Sunday, July 8, 2012

Gender Issues in Children's Films

First off, let's all give a grand cheer that I finished my six-week internship at the hospital without major incident, "Hurrah!"

Secondly, the inspiration for this blog came from watching the Colbert Report and hearing how Pixar's latest movie, Brave, might possibly be about a lesbian princess. Go ahead and try a web search, apparently it's all over news magazines and entertainment blogs because a few authors speculated a strong, independent female who wants to fight like one of the boys can't be anything other than gay. Without actually wading into that fray myself, I, along with my coworker, instead went to the Disney filmography, including Pixar's films, and went through each major theatrical release that we've seen to analyze that movie for strong female characters. I lucked out with memories of the movies, as I have a five-year-old girl living with me who watches them constantly. Granting a point for each film with a strong female character, we came up with about 17 points for over 70 years worth of Disney movies, including the live action ones. Not very encouraging.

One of my biggest criticisms in recent years when it comes to Pixar, is their seeming inability to break away from the "let's be buddies" plot line, a la Toy Story, wherein they also seem to have difficulty portraying a female character as anything other than a motherly nurturer or sexual enticement to the male characters. Disney is hardly much better as females tend to be damsels in distress or sexy femme fatales. So if Brave is in fact, breaking the pattern by having a strong female lead wherein romantic interest isn't the entire point of her existence nor is it awkwardly placed (Ratatouille I'm looking at you) then by all means, I will withhold my usual cynicism. (I am actually quite fond of many Disney/Pixar works, so this article is by no means flames and hatred, save that for the summer barbeques).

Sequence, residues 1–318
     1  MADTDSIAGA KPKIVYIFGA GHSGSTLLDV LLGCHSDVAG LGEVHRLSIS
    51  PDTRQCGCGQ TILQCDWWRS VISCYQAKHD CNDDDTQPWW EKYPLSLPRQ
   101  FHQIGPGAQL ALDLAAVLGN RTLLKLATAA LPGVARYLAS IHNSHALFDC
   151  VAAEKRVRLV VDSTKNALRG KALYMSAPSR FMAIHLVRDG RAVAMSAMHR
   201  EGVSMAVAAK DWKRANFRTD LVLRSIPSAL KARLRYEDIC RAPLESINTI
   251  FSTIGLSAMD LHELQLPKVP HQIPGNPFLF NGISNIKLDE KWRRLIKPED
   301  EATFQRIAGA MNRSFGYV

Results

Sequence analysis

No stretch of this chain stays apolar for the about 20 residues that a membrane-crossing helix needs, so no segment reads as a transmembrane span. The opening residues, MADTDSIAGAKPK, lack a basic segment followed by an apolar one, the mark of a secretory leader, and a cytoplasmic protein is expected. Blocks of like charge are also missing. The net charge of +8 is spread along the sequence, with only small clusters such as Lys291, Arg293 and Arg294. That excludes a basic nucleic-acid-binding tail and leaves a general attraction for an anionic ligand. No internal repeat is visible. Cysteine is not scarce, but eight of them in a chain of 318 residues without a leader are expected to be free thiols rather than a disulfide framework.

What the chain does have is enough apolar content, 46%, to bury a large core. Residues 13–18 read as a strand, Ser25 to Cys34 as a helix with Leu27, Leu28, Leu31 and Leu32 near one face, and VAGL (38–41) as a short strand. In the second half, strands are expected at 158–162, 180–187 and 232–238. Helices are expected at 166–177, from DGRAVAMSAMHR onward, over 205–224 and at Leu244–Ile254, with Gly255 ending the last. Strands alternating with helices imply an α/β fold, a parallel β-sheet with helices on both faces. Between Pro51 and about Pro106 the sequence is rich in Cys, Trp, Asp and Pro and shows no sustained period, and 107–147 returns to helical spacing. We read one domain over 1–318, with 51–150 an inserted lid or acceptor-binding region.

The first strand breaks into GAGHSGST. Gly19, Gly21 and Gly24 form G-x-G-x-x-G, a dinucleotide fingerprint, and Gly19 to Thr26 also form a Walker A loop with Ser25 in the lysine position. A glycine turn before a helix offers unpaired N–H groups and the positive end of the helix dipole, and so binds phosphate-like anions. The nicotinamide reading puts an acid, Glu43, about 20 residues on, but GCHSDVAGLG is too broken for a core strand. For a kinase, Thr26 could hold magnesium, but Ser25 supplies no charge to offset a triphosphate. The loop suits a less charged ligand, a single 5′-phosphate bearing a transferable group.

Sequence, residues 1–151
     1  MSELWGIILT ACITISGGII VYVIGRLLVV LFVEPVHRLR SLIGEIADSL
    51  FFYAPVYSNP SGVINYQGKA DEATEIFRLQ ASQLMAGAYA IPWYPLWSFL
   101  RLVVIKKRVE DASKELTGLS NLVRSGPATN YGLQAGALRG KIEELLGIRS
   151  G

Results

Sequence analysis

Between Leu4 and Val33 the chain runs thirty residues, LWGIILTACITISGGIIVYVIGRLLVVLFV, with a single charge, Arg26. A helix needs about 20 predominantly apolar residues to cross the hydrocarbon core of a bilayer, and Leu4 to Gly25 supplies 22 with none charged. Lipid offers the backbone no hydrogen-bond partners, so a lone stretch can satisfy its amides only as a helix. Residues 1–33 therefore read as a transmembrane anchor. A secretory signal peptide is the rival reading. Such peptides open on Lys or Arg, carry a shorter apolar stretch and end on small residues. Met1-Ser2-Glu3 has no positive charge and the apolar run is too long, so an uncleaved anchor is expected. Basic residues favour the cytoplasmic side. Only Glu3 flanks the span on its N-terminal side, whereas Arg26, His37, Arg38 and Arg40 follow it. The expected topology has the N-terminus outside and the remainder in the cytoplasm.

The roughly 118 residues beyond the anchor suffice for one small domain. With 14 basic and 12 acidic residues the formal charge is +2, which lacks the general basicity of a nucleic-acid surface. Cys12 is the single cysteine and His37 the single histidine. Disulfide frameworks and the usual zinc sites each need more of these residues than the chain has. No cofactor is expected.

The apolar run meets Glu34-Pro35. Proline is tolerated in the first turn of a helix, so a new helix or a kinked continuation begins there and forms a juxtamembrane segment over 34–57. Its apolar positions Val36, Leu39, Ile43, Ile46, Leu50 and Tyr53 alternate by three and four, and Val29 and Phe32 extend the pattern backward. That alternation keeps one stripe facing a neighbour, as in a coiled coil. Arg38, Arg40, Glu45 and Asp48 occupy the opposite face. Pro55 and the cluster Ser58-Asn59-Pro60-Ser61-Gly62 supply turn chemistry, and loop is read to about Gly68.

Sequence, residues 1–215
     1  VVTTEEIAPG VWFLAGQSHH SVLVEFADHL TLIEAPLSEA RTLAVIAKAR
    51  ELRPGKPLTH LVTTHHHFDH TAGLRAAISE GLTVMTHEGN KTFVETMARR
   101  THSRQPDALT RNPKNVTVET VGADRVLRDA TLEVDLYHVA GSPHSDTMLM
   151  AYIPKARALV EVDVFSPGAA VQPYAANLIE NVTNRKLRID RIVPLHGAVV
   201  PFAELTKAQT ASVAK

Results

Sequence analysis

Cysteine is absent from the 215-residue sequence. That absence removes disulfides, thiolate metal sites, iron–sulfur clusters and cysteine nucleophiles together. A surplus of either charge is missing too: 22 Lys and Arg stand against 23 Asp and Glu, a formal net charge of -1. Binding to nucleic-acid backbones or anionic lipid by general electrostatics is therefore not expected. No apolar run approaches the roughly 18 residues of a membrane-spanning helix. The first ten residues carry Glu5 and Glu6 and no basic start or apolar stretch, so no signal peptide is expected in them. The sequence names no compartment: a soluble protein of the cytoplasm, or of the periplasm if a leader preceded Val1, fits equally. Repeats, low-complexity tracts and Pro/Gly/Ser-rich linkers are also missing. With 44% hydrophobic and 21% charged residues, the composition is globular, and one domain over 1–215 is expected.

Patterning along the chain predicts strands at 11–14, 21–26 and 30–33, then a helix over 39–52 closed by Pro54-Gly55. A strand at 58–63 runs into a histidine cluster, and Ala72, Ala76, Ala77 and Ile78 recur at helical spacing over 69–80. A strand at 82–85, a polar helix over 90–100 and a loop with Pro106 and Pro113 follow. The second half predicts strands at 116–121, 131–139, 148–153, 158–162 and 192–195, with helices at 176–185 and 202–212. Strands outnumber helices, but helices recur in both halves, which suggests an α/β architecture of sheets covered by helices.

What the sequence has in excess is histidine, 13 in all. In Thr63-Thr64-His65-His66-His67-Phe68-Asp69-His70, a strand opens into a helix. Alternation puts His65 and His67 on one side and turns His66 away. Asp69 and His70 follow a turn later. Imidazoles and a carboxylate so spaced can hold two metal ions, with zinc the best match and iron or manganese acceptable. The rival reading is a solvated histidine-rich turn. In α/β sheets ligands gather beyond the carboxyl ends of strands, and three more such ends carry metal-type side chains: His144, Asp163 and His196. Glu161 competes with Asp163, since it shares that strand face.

For brevity's sake, I stuck to those full-length feature films that were either entirely or partly animated for this blog entry, going into a bit more detail now that I had better access to Wikipedia and Google. However, before we wade into such an endeavor, it might help to define what I'm looking for. The feminine identity is a complicated beast, and what girls look for in a story is often quite different than what a boy would want, and Mr. Neil Gaiman talks about gendered stories quite nicely in this essay. What I tend to see in Female-oriented stories are an emphasis on relationships, whether with a lover, family, or friends; whereas male-oriented tales have a specific goal the character wants to achieve, whether it's treasure, acknowledgement, or a love interest. What is often valued in classic folk lore in many cultures are women operating in the spheres of hearth and nursery, thus exalting traits that would make a woman an ideal wife and mother. It is important to point out though, that much of Disney's volume of work (and subsequently, DreamWorks, Pixar, and so forth) are based on these folk tales, and as such, follow those cultural and historical patterns that many critics of today see: that of sexism, racism, and so forth, especially from early cultural works. Joseph Campbell was helpful enough to undertake a study of the breadth of existing mythological sources for patterns that he summarized using the example of the hero's narrative and then utilized Jungian psychology to point out character archetypes that can be used for most any work of literature. Also helpful for this scholar was finding that many internet bloggers already talk about Campbell's archetypes and thus make handy quick references, including one on adapting the mythic frame to stories about female heroes.